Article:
“We appeal to all politicians to inform the voters how you will work towards realising those aspirations for the benefits of the people and, more specifically, what would you do in the first 100 days, if you are elected to form the government. We must aim to achieve development in a sustainable way to balance our aspirations for economic growth without compromising our natural capital (environmental assets, social systems, cultural resources). Only then can we ensure higher standards of living for current and future generations,” Dato’ Sharma added.

The NGOs that signed the Open Letter are Biji-biji Initiative, Civil Society Organisations for Sustainable Development Goals (CSO-SDG) Alliance, Ecocentric Transitions, EcoKnights, Environmental Protection Society Malaysia (EPSM), Friends of Sarawak Museum (FOSM), Hunger Hurts Malaysia, Land Empowerment Animals People (LEAP) Spiral, Malaysian Nature Society (MNS), #PowerShiftMsia, Reef Check Malaysia, Sabah Women's Action Resource Group (SAWO), Sabah Environmental Trust, Sabah Wetlands Conservation Society, Sarawak Eco-Warriors, Sarawak Society for the Prevention of Cruelty to Animals (SSPCA), Society for the Promotion of Human Rights (PROHAM), Treat Every Environment Special (TrEES), Wetlands International Malaysia and WWF-Malaysia. The Open Letter is available in English, Bahasa Malaysia, Chinese and Tamil.

The online survey is still open for responses and can be accessed at http://www.bit.ly/GE14envSv

- End - 

Ambika Sangaran
Biji-biji Initiative
 
Datuk Denison Jayasooria
Civil Society Organisations for Sustainable Development Goals (CSO-SDG) Alliance
 
Firdaus Nisha Muhammad Faizal
Ecocentric Transitions
 
Yasmin Rasyid
EcoKnights
 
Nithi Nesadurai
Environmental Protection Society Malaysia (EPSM)
 
Anita Guha
Friends of Sarawak Museum (FOSM)
 
Faiz Hadzim
Hunger Hurts Malaysia
 
Cynthia Ong
Land Empowerment Animals People (LEAP) Spiral
 
Henry Goh
Malaysian Nature Society
 
Adrian Yeo
#PowerShiftMsia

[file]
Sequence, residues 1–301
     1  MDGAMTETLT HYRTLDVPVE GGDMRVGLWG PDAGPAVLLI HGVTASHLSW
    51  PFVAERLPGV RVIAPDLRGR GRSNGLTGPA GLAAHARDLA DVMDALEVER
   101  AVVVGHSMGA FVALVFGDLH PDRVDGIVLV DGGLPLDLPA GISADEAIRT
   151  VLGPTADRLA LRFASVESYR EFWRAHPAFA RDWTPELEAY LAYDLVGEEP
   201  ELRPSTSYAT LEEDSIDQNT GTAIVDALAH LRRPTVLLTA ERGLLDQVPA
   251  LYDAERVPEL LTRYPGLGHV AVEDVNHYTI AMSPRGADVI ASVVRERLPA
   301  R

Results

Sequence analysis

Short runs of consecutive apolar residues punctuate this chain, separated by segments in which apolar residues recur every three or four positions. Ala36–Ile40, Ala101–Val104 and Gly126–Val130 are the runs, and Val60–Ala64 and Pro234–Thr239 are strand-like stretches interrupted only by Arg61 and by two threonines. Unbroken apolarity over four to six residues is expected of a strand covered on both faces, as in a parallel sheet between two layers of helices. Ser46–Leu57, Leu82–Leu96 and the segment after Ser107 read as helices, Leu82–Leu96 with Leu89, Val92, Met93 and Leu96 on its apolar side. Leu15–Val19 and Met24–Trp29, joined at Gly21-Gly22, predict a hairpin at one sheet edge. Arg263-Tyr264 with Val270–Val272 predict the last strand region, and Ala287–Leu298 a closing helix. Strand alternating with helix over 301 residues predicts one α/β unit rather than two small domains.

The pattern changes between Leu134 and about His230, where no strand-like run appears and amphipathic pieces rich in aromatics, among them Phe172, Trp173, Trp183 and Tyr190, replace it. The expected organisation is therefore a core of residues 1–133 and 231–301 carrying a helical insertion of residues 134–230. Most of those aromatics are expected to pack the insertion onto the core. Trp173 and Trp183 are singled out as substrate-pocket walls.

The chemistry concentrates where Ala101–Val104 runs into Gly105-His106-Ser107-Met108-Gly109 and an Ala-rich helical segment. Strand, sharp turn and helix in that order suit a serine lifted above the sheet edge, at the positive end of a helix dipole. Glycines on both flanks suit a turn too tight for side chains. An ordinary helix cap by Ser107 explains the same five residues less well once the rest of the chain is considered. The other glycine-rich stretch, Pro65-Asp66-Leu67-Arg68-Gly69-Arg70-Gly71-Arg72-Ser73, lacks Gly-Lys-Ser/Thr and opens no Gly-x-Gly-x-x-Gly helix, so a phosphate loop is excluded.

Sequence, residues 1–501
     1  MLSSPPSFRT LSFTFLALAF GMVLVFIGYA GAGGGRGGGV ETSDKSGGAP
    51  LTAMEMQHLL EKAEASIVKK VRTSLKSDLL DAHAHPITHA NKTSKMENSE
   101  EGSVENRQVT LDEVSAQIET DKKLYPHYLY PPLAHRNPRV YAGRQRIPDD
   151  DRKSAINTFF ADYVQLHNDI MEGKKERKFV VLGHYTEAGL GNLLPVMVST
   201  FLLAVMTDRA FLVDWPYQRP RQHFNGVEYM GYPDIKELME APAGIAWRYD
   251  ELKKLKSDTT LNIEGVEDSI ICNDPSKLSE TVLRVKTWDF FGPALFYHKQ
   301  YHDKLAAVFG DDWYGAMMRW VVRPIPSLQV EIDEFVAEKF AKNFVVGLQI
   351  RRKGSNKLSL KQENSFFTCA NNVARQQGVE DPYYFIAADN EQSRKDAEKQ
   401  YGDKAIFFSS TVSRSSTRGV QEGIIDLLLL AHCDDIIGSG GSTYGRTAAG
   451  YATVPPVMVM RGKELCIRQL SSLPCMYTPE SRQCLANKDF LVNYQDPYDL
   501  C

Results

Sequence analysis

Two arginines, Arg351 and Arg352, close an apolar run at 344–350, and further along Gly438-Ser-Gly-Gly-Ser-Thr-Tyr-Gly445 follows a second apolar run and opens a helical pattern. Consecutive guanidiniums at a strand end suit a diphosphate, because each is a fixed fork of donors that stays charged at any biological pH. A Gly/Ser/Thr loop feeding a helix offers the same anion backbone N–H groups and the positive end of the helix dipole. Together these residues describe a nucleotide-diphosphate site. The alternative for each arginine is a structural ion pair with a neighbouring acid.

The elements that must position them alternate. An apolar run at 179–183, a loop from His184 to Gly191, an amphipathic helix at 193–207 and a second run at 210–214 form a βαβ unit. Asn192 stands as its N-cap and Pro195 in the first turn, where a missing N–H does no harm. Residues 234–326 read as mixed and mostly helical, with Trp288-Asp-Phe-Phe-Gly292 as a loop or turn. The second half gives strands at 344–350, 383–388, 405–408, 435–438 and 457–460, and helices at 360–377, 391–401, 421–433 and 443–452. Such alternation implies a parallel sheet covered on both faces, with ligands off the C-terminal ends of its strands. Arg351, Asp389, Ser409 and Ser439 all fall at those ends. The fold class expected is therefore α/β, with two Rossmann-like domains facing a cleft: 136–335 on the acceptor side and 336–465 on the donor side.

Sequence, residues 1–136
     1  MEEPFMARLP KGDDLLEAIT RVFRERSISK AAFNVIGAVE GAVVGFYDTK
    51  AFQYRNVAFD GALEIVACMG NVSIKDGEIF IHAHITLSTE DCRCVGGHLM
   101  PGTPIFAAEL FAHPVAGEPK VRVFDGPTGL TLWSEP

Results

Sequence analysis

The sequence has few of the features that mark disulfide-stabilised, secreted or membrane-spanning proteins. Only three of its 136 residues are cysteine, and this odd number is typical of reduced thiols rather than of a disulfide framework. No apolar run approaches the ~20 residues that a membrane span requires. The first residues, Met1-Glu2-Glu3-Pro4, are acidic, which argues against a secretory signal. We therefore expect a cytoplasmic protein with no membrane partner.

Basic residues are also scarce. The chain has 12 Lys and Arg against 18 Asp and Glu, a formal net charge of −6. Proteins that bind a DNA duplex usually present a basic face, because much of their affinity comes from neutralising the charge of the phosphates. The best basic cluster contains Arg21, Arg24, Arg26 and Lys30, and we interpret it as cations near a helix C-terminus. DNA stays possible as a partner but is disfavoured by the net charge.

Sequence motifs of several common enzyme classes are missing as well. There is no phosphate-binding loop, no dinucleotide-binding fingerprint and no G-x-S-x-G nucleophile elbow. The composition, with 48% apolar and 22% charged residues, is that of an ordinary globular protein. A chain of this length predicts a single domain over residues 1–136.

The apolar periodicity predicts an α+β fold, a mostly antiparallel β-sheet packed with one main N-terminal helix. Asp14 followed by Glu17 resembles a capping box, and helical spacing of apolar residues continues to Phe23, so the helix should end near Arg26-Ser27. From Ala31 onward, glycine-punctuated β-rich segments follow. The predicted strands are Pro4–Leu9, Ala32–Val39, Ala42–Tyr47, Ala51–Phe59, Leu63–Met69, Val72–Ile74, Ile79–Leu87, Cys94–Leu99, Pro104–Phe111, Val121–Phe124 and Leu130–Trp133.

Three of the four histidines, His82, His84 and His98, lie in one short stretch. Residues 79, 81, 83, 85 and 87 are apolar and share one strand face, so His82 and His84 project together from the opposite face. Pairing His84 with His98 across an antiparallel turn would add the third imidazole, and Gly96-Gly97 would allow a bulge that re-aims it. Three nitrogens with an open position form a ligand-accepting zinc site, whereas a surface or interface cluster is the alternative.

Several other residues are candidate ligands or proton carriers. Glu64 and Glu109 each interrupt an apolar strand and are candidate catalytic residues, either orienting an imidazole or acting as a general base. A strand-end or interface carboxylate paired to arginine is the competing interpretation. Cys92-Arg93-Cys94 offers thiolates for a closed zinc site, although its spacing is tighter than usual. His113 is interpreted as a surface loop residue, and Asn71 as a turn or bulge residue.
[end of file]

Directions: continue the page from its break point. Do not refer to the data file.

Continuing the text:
Cynthia Nesha
Reef Check Malaysia
 
Winnie Yee
Sabah Women's Action Resource Group (SAWO)
 
Dr Rahimatsah Amat
Sabah Environmental Trust
 
Datuk Zainie Aucasa
Sabah Wetlands Conservation Society
 
Mark Liao
Sarawak Eco-Warriors
 
Rebecca Jothi D’Cruz
Sarawak Society for the Prevention of Cruelty to Animals (SSPCA)
 
Datuk Kuthubul Zaman Bukhari
Society for the Promotion of Human Rights (PROHAM)
 
Christa & Leela
Treat Every Environment Special (TrEES)
 
Flora George
Wetlands International Malaysia
 
Dato’ Dr Dionysius Sharma
WWF-Malaysia

For more information, please contact:
Sheena Wong Sin-Yee
WWF-Malaysia
Email: sywong@wwf.org.my
Pollution of rivers and seas is the top environmental concern among Malaysians, followed by deforestation/illegal logging in a survey of some 1,600 respondents.
© WWF-Malaysia Enlarge
Up to 95% of the respondents say they are either concerned or very concerned about the natural environment in general.
© WWF-Malaysia Enlarge
When examining the data for those who are planning to vote, 69% would consider the environment as one of the factors that could decide their votes; while 24% said likely.
© WWF-Malaysia Enlarge
Press conference held in Kuala Lumpur was attended by (from left) Christa Hashim from Treat Every Environment Special (TrEES), Nithi Nesadurai from Environmental Protection Society Malaysia (EPSM), Dato' Dr Dionysius Sharma from WWF-Malaysia, Henry Goh from Malaysian Nature Society (MNS) and Faiz Hadzim from Hunger Hurts Malaysia.
© WWF-Malaysia / Guruchathram Ledchumanan Enlarge
(From left) Iqbal Abdollah from Malaysia Nature Society (MNS) Miri, Anita Guha from Friends of Sarawak Museum (FoSM), Rebecca D'Cruz from Sarawak Society for the Prevention of Cruelty to Animals (SSPCA), Rose Au from MNS Kuching and Dr Jason Hon from WWF-Malaysia at the press conference in Kuching to announce results of an online survey conducted by a group of NGOs on environmental concerns of Malaysian citizens.
© WWF-Malaysia / Amanda Nayra Michael Jengging Enlarge
Press conference was also held in Kota Kinabalu to appeal to hopeful political candidates to make sound environmental aspiration a priority and a reality.
© Natasha Joibi Enlarge